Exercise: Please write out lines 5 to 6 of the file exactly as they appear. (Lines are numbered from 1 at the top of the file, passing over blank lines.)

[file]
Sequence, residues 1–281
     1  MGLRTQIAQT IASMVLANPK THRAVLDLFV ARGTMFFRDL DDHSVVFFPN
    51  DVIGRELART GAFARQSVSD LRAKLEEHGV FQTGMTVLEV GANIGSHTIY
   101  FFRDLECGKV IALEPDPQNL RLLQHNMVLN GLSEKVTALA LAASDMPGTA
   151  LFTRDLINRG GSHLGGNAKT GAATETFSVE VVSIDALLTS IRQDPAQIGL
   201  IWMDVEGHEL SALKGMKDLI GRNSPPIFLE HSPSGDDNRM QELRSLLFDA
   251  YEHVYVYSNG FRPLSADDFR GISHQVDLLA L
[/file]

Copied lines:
   151  LFTRDLINRG GSHLGGNAKT GAATETFSVE VVSIDALLTS IRQDPAQIGL
   201  IWMDVEGHEL SALKGMKDLI GRNSPPIFLE HSPSGDDNRM QELRSLLFDA